Make sure you are using PINs, fingerprints, or complex passwords to access your mobile devices. There are pros and cons to using different methods, but make sure you are at least using something and preferably more than just a four-digit PIN.

Patch, Patch, Patch

Make sure that your Operating System (OS) (i.e., Windows, Mac OS X, iOS, Android, Linux) is setup to automatically download and install updates. Frequent patching is one of the best ways to prevent cyberattacks that leverage known vulnerabilities. In addition to patching the OS, make sure to patch all other third party software installed on your devices. This is relatively simple with iPhones for example because it will automatically update the OS as well as apps installed on the device.

This becomes more complex with computers because although the OS may update, other software like Java, Adobe, Office, Chrome, Firefox, etc. usually don’t. Mac is generally better at third party app management than Windows, but Windows is getting there with Windows 10. There are apps available to help keep your Windows third party software updated, look at for example.

Install and Maintain Security Software

Just as malware has come a long way, so has security software. Today’s (good) security software really does a lot more than the old antivirus software (hence calling it security software instead of just antivirus). Because of the sharing of common information and malware, the market for specialized security software is much different than it used to be and in fact many great products are completely free. Windows Defender for example is actually a decent security software tool and built in to Windows. The nice thing about Defender is that it updates as Windows updates and you don’t have to worry about an incompatibility with your security software anytime you upgrade your OS (used to be a common issue).

Although there are many myths around Macs being more secure than Windows computers, they face many of the same vulnerabilities as PCs. The difference really is that because Windows systems has the greatest market share and are more common in businesses, most malware is written and directed at PCs. There is plenty of Mac malware though and running a Mac without security software is no longer an option.

There is a mix of commercial and open source security software tools available and they range in price from free to an annual subscription of around to . Ideally, look for a software that provides anti-malware, firewall, intrusion prevention, web protection, and crypto-attack detection. Here are a few examples of security software tools I would consider (these are my own personal opinions and I’m not endorsing any particular vendor, but have personal knowledge of the tools below):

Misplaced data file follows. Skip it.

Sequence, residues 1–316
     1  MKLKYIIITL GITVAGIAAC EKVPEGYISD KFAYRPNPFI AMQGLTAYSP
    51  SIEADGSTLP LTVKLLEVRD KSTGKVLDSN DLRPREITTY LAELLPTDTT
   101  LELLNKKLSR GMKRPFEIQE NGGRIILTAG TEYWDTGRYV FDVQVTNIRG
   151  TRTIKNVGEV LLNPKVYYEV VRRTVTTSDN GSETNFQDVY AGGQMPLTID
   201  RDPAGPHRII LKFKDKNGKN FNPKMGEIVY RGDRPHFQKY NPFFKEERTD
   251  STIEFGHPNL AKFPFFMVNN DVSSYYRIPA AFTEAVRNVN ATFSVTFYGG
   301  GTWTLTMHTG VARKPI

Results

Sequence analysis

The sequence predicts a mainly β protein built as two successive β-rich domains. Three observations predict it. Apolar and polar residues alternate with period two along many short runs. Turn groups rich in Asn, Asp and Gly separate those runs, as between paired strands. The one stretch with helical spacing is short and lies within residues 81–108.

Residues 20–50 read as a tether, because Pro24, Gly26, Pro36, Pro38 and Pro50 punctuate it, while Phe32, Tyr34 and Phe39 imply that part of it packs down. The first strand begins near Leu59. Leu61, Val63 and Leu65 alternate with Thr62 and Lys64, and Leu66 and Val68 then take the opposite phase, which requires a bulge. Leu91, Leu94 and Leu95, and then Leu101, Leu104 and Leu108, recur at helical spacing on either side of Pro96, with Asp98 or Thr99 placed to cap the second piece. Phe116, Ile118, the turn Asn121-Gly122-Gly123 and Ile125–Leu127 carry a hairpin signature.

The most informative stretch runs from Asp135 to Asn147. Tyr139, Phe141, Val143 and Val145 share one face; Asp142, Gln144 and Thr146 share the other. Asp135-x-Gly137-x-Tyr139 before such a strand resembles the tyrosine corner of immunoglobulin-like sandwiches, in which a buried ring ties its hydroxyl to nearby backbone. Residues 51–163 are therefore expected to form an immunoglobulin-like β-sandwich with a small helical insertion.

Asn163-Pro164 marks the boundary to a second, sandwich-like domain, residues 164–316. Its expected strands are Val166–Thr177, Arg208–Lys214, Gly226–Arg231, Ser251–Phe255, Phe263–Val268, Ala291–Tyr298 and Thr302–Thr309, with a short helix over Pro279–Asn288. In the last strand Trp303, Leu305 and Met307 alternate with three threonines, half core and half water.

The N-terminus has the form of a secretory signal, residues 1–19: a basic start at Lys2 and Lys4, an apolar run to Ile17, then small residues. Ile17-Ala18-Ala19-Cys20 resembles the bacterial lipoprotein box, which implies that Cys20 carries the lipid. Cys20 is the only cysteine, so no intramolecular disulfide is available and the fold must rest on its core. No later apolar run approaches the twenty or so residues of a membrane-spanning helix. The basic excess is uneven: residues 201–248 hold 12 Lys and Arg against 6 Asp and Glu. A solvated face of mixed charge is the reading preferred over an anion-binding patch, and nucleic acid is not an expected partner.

If you really want to compare different security software vendors, check out this site.


Note – this three-part blog series was written for Author Leslie Ann Sartor and originally posted on her blog as well as author Lee Lofland’s blog.


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Cyberattacks and How To Protect Your Computer and Data – Part 2 of 3 Mon, 21 May 2018 04:11:42 +0000 In my first blog, I discussed the cyber kill chain and how hackers move through predictable steps to launch an attack against a target. In that blog, I used the example of an author who was targeted because of their controversial writings and the author’s system was compromised with ransomware. In this second post, I am going to discuss the most common cyberattacks and how computer users can become savvy to detect potential malicious activity. While there are many kinds of attacks, I’m going to highlight some of the most common attacks that I see. Additionally, while the technical execution of many of these attacks are different, the methods for detection and prevention are similar if not identical.

Phishing Attacks

The most common way that computers and networks are compromised are through phishing attacks. In my scenario in the first post, the author was tricked into clicking a link within an email that caused the author’s system to reach out to a server and download malicious code. Phishing is a very easy attack to create and is more of a social engineering attack than anything technical.

Sometimes these messages are clearly phishing attacks; the message contains grammatical and spelling errors, it is sent by an organization you never do business with, or it is sent by a prince in Nigeria or the U.K. lottery asking you to claim your winnings. Clever hackers though take time in crafting their message and even if it is blasted to millions of email accounts, all they need is to steal the credit card information of just a few people to make a huge return on their investment.

Below is an actual phishing email that came to me. As you can see, the message looks legitimate and there are no obvious signs of it being malicious. Remember, the rule is to never click any links until and unless you are positive the message is legitimate.

When I hovered over the links within the email, none of them went to the domain. Instead the links all pointed to hxxp[://] This URL has since been taken down as malicious, but had I actually clicked the link when the URL was still active, my system very well may have become infected.